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Giving paracetamol (acetaminophen) to patients ill with severe malaria made them less likely to develop potentially fatal kidney failure, say researchers in a recent study in Clinical Infectious Diseases.

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MORU's Dr Katherine Plewes and Dr Stije Leopold examine a malaria patient in Chittagong, Bangladesh (Nov 2017). Photo by Alexander Kumar © MORU 2018.

The study reported for the first time that giving regular doses of paracetamol protects the kidney in adult patients with severe falciparum malaria. Each year severe malaria causes close to half a million deaths globally. Acute kidney injury (AKI) complicating severe malaria is an important cause for death.  AKI occurs in 40 % of adults and at least 10 % of children with severe malaria, killing an estimated 40 % of these adults and 12-24 % of the children.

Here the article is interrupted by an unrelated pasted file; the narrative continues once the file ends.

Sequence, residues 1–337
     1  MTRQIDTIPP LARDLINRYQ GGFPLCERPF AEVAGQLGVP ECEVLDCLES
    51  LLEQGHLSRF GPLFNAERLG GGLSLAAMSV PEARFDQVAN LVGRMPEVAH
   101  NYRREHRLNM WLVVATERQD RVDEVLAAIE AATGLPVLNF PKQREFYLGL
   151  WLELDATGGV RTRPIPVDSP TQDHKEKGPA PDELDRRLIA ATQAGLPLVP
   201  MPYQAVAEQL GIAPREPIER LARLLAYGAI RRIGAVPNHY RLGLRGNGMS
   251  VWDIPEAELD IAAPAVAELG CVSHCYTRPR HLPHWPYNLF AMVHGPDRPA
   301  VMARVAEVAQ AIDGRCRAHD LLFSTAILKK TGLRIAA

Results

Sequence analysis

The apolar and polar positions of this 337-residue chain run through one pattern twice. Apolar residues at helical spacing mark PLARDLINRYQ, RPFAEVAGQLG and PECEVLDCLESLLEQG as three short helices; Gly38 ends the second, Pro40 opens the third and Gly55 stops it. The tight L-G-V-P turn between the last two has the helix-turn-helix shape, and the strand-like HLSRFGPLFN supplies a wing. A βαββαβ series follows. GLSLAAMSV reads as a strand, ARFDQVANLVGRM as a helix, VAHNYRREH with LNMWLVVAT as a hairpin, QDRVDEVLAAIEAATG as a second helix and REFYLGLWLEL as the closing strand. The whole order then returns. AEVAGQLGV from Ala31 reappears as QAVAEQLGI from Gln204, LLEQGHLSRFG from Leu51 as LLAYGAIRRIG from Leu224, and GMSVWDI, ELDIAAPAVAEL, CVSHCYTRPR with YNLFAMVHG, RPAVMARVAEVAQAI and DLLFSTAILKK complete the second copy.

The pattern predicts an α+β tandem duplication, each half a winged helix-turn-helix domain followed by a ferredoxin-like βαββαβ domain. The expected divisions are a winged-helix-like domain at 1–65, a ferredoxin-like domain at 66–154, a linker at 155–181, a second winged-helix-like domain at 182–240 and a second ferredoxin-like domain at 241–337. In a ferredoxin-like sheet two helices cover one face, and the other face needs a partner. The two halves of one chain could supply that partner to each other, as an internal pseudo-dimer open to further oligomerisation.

“This is an important finding, because acute kidney injury is a very common, often fatal complication in adult patients with severe malaria,” said Oxford Prof Arjen Dondorp, Head of Malaria Research at the Mahidol-Oxford Tropical Medicine Research Unit (MORU) in Bangkok. “Surprisingly simple and cheap paracetamol can protect the kidney in severe malaria and thus has the potential to reduce deaths from malaria.”

Find out more (Nuffield Department of Clinical Medicine)